LETTER: Exxon Valdez poor comparison to B.C. tanker fleet

Mr. DiCastri’s letter on this subject (Oil tanker spills are not a hypothetical subject, The NEWS, Feb. 27) is another example of uninformed environmental fearmongering. He cites the Exxon Valdez tanker grounding in 1989 in Alaska (not on our coast, as he claims) to argue against increased tanker traffic through Vancouver. The Valdez disaster was the result of the tanker being single-hulled, a captain failure and the absence of navigating marine pilots. (And, for the record, the destruction caused has not lasted forever.) The tankers plying B.C. waters are double-hulled, guided by highly trained pilots and escorted by three tethered tugs. That is why for 50 years there have been no tanker spills on the West Coast or, indeed, on the East Coast,which would be energy-starved without tankers.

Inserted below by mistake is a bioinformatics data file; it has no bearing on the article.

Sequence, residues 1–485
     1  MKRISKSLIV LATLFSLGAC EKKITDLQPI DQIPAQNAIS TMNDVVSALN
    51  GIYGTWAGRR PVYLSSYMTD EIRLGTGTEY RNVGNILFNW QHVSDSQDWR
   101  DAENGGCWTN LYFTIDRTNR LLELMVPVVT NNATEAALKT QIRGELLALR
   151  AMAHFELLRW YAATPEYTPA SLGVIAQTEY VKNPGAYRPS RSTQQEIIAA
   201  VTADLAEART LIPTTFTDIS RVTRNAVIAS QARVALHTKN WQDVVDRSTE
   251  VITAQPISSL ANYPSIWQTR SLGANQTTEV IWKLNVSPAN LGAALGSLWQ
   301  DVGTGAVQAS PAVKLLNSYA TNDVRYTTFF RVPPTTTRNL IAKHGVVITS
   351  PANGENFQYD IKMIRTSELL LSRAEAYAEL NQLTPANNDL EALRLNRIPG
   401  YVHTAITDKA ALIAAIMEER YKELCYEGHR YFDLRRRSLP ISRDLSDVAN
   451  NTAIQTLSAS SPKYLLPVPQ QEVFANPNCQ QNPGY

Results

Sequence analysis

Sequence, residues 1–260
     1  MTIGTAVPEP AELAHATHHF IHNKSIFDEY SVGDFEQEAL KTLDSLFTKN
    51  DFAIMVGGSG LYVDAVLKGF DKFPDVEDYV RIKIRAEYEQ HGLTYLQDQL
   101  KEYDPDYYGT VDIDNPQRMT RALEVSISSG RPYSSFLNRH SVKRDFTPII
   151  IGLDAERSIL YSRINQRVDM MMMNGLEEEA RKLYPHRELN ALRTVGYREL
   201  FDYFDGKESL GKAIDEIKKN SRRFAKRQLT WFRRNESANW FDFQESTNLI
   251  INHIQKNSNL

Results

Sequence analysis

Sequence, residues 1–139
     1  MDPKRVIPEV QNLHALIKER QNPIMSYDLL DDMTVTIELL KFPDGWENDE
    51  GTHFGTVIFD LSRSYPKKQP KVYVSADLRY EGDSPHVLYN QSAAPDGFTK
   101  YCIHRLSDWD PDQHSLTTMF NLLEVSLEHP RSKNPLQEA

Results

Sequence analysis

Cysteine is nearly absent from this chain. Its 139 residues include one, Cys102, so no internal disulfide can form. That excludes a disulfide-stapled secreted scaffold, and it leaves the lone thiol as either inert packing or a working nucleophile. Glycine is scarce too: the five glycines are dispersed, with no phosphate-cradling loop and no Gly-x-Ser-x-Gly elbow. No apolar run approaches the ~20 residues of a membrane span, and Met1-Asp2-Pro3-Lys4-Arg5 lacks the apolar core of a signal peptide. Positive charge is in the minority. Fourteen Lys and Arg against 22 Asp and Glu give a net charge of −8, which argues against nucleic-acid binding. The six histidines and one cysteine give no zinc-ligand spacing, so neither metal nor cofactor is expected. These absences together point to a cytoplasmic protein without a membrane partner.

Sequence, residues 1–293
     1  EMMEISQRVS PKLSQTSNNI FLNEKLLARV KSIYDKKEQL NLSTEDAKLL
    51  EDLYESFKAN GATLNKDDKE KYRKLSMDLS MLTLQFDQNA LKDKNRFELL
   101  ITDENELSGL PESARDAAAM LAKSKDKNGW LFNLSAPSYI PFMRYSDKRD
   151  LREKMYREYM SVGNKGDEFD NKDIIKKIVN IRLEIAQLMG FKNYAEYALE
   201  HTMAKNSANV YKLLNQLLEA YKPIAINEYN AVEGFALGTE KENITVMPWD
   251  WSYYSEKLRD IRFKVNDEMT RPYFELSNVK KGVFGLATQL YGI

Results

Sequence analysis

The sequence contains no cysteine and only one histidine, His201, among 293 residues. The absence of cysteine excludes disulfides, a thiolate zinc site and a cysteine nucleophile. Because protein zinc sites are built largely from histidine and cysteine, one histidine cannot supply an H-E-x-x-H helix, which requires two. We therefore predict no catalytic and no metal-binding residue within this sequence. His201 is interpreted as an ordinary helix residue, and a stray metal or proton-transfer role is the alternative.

Mr. DiCastri asked what idiot approved the existing Kinder Morgan pipeline. It was the internationally well-regarded National Energy Board (NEB), after extensive and prolonged study of all the ramifications of the project, conducted without political interference. I believe no other resource-dependent country in the world applies stricter review and regulations than the NEB, despite inevitable opposition to its findings.

The Kinder Morgan pipeline expansion now at issue does not benefit only Alberta as he seems to think. The new employment and resulting increased tax revenues paid by companies will help provinces and the federal government provide increased funding for health, education and social welfare needs pretty well across the country.

Finally, without the pipeline extension to access world markets, Canadian oil exports will continue to face a significant discount and revenue loss in the U.S. market. Moreover, more oil will be shipped by rail, riskier transportation than by pipeline.

Michael Berry

Qualicum Beach

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